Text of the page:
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Get Your Taxes Done but Don’t Get Scammed in the Process

 Get Your Taxes Done but Don’t Get Scammed in the Process


There’s just a few days left before this year’s deadline to file your income taxes, and security experts say procrastinators should beware. They need to take care that they don’t fall for tax-related scams and other attempts to steal their refunds and personal information.

This story is part of Taxes 2024, CNET’s coverage of the best tax software, tax tips and everything else you need to file your return and track your refund.

For most of the country, this year’s federal income tax deadline falls on April 15. Residents of Massachusetts and Maine have until April 17 because of holidays in their states. The more you wait till the last minute, the more likely you are to fall victim to some kind of tax-related cybercrime.

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“For folks who may be scrambling and feel pressure to move quickly, I recommend that they don’t let that pressure cause them to make quick decisions,” said Eva Velasquez, president and CEO of the Identity Theft Resource Center, a nonprofit group that helps victims of identity theft. 

She added that last-minute filers should still take the time to do their homework when doing things like selecting a tax preparer or tax preparation software. Something as simple as clicking on a dubious link or unwittingly inputting your personal information into a scam website could put a filer at risk for financial fraud or identity theft.

Unsolicited offers of help filing taxes, especially those promising big refunds, should be met with skepticism.

But spotting scammers is getting increasingly harder, thanks to artificial intelligence technology, which makes it easier for cybercriminals to send out sophisticated scams at a previously unseen scale, said Vijay Balasubramaniyan, CEO of Pindrop Security, which focuses on AI technology.

“Tax season is a stressful time for all,” Balasubramaniyan said. “Add AI and deepfakes into the equation and it’s easy to get overwhelmed by all the potential threats.”

Sherrod DeGrippo, director of threat intelligence strategy at Microsoft, said scammers are creating fake websites — some that impersonate well-known tax prep and financial services companies — to try to trick filers into uploading their tax return information.

They also often try to impersonate the IRS. Phishing emails, texts and even phone calls designed to look like they’re from the IRS, or an IRS agent, are a common sight this time of year. They might threaten jail time or big fines if the targeted person doesn’t pay what the cybercriminals might claim are back or overdue taxes.

The IRS only uses the U.S. Postal Service to reach people. Any other method of communication is a sure sign of a scam.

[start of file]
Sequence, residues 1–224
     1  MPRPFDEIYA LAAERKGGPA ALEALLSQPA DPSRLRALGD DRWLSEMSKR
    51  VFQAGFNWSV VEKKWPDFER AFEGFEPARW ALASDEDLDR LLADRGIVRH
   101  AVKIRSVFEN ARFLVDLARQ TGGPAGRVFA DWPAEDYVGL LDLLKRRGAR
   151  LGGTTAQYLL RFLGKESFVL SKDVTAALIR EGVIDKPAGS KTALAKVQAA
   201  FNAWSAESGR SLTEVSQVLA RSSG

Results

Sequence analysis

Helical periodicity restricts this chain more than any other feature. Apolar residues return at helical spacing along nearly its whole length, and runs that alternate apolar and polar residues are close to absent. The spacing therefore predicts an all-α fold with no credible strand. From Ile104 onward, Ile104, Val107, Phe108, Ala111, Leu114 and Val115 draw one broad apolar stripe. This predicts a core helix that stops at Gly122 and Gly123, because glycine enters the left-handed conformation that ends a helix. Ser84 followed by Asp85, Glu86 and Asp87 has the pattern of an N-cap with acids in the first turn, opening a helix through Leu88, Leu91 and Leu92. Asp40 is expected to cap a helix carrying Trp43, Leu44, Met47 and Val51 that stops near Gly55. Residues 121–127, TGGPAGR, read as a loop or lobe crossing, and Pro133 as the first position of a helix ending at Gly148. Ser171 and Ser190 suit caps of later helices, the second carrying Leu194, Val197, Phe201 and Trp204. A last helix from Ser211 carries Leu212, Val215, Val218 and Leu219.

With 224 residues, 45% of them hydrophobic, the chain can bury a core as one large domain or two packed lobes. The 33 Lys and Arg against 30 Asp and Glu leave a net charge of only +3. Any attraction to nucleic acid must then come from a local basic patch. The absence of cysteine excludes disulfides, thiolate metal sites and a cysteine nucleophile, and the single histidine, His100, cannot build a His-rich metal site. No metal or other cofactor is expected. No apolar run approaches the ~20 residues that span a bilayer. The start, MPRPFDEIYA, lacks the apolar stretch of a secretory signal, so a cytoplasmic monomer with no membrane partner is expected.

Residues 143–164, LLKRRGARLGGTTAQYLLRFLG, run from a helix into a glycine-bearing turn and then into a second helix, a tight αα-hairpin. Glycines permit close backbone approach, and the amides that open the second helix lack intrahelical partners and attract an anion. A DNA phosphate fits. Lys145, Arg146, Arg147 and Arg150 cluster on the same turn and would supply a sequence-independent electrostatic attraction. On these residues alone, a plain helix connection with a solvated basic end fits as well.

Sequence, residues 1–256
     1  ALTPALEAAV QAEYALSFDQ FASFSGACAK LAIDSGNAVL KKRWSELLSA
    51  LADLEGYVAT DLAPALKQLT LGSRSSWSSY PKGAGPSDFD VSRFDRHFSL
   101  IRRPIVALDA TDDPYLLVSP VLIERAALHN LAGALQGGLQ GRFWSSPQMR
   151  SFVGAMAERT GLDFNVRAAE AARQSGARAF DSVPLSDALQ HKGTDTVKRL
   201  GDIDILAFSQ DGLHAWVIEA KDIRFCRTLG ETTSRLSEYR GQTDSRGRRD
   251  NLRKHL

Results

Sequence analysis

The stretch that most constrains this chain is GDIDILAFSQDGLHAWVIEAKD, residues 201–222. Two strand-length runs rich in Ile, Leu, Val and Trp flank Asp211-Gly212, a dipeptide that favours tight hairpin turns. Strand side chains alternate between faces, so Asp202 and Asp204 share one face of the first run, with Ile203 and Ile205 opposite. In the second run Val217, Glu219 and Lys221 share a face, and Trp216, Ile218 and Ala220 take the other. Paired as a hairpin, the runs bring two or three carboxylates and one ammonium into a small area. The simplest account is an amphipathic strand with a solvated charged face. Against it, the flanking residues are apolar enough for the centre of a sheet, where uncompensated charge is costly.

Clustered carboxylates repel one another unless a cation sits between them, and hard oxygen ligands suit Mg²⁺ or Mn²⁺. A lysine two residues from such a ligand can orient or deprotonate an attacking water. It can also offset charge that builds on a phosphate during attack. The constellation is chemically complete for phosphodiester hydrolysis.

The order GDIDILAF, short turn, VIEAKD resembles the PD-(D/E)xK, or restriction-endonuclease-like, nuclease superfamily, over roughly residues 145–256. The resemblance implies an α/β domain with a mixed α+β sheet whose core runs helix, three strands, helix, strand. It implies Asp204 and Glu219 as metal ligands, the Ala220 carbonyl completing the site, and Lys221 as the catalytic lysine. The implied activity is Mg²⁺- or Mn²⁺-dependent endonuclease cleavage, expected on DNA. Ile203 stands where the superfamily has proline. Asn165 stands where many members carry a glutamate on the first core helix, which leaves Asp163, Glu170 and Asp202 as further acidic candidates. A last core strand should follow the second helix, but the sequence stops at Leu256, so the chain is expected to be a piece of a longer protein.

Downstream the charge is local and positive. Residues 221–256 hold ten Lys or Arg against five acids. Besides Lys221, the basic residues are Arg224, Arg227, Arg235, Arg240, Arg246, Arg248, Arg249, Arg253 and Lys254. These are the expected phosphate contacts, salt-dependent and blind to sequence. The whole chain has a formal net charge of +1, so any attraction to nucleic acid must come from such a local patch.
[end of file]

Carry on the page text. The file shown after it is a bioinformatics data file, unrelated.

“The IRS will never send you an email to initiate contact,” DeGrippo said. “Nor will they use text messages or any kind of social media account to contact you.”  

The IRS also doesn’t take payments in the form of cryptocurrency or gift cards, making requests for back taxes in those forms obvious signs of a scam too.

Here are a few tips from the IRS and others for staying alert.

File early: OK, the ship may have already sort of sailed on this one, but the earlier you file, the less time cybercriminals have to use your identity to commit fraud. Don’t forget, if you need more time. you can file for an extension. Better to do that and give yourself some breathing room rather than rush and fall for tax-themed fraud, DeGrippo said. 

Watch out for phishing and smishing: The IRS won’t send unsolicited emails or texts. Skip the links and attachments and go straight to the IRS or the applicable state and city websites. In general, don’t reply to emails or texts sent from unknown sources, Balasubramaniyan says. And definitely don’t open attachments from people you don’t know or send them your personal information like your Social Security number or tax ID.

Get a PIN: File this tip under things to remember for next year. Taxpayers who can validate their identities with the IRS can obtain an identity protection PIN, a six-digit code that prevents a cybercriminal from filing a fraudulent tax return with your Social Security number.

Fight back against fraud: If you discover someone has filed a tax return in your name, complete a paper return and include form 14039 (Identity Theft Affidavit). Report the fraud to local law enforcement and the Federal Trade Commission. Monitor your credit reports and account statements and contact the three major credit bureaus to ask for a freeze so that no one can request new credit in your name.

Always use good passwords and 2FA: These are both a must for any account related to your tax returns and documents. Make sure you’re using good antivirus software and that it, along with your operating system, is up to date. While you’re at it, back up your tax information to a removable drive or encrypted cloud storage. Paper copies and drives should be securely stored.

Know who you’re dealing with: If you’re self-filing online, make sure you’re using a reputable service. If you hire someone to do it for you, make sure they’re who they say they are. Velasquez recommends checking credentials and qualifications using the IRS Directory of Federal Tax Return Preparers. Be especially careful when submitting documents. Encrypted email isn’t enough. Any decent tax professional or service will use a secure portal, she said.

Shred everything: Tax documents that are no longer needed must be properly destroyed. Dumpster diving still happens. Don’t be tempted to toss them in the trash and don’t put them in the recycling.



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